SINGAPORE--The financial meltdown is not likely to dampen enterprise spending on data centers and data center outsourcing in Asia, according to new findings from consulting firm BroadGroup.
As testimony to that, data center floor space in Southeast Asia is set to increase an average of 68 percent over the next five years, Steve Wallage, managing director of BroadGroup, said Wednesday at the Data Centres Asia 2008 conference. The report, which collated data gathered from interviews with major companies and data center hosts from Indonesia, Malaysia, Singapore, Thailand and Vietnam, is due to be published this month.
Among the five Asean economies, Vietnam is the fastest growing market in terms of data center floor space. By 2013, BroadGroup expects the country to dedicate 31,000 sqm of land area for data center facilities, an increase of 86 percent from 16,785 in 2008. Land-scarce Singapore, however, boasts the largest floor area, growing from 171,202 sqm this year to an estimated 293,000 sqm in 2013.
"We have a lot of reasons to believe that data center demand will hold up pretty well," Wallage said, adding that trends in the market "suggest the credit crunch will create good news for third party data center providers".
The optimism is partly driven by businesses' shift from capital expenditure to operating expenditure, he noted. On top of that, many large corporations are increasingly willing to outsource, rather than build, their data centers as they are "worried that today's data center can become tomorrow's shed".
The growth of online media and social networking sites would also spur the need for an increasing number of data centers. In addition, more regulations are expected to come into play as a result of the financial turmoil, thereby possibly creating the need for more areas of data archival.
Financial institutions still investing
According to Wallage, a study of global banks before the onset of the financial crisis revealed that a quarter indicated that their data centers were already operating at full capacity. Some 23 percent of respondents said their facilities would reach that stage within a year, while 34 percent indicated the same situation within two years. This showed that there was a need for the banks to act on their data centers, Wallage pointed out.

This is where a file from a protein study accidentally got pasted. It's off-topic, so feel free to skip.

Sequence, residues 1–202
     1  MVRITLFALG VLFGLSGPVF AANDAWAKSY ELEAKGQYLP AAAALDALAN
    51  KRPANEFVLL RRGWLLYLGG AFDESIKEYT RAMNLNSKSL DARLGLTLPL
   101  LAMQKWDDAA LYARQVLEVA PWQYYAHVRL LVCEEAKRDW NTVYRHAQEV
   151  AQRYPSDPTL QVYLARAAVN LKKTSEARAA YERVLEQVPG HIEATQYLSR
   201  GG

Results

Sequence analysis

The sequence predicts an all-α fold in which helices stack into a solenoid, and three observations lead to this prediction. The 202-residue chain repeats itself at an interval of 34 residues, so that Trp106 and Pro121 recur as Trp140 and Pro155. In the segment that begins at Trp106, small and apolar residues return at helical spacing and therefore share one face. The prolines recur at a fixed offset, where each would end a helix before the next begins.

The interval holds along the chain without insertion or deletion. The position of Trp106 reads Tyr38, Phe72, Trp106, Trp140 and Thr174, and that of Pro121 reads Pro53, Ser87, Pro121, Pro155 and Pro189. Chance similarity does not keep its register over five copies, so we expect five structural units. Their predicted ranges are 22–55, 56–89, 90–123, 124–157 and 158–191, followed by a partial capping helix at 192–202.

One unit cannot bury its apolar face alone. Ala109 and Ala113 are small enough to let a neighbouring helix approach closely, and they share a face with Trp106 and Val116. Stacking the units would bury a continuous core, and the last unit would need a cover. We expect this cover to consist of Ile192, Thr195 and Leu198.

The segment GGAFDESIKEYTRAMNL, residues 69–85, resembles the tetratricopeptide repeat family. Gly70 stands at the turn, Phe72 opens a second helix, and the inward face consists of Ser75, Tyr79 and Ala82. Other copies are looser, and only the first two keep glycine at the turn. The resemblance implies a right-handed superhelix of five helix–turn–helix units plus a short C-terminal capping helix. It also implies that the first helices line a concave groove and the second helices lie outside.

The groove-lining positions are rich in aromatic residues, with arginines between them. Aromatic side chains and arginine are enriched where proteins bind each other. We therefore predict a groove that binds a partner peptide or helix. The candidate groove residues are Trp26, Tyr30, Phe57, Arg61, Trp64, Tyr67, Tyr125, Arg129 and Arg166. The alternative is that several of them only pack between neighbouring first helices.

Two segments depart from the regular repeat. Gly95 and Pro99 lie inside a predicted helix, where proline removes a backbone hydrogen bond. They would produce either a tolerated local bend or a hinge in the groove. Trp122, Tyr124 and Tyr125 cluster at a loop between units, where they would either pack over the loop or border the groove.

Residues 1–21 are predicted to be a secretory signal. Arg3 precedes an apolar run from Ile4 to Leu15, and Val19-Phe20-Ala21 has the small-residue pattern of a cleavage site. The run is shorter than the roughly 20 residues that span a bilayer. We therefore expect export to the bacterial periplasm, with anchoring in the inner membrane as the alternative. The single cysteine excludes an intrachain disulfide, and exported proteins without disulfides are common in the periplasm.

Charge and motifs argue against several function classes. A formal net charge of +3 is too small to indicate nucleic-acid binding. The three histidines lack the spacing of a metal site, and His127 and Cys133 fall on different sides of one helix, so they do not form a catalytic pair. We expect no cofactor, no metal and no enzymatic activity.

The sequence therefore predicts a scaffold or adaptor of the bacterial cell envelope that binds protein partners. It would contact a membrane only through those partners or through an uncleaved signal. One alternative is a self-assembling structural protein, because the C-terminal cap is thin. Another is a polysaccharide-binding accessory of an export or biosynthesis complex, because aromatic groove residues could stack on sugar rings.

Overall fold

In fact, a bank in the United States had a data center operating at full capacity which was so hot that every summer the bank would hire students to "hose down the building", he said.
Industry players present at the event noted that momentum around data center needs will still continue in the region, even for the financial sector.
Joel Pereira, chief operating officer of Vinadata, noted that there are plenty of opportunities for growth in Vietnam, where the data center provider is based. Banks in the country, he noted, are "just beginning" to think about outsourcing rather than building their own data centers. Foreign banks are also starting to enter Vietnam, and will further add to the investment in data center facilities.
Ispran Kandasamy, Commscope's vice president and managing director for the Asia-Pacific region, said that he expects data centers to continue to "play strongly" in the region, as businesses still need to manage their information.
Norris Hickerson, vice president of Hong Kong's COL, an IT services subsidiary of Wharf T&T, admitted that "the financial services meltdown is not good for us", as a significant proportion of COL's corporate customers--70 out of 120--are banking institutions. The financial services industry is also a key driver of the data center market in Hong Kong.
Hickerson, however, acknowledged that the banks, for now, are "continuing commitment to ongoing projects".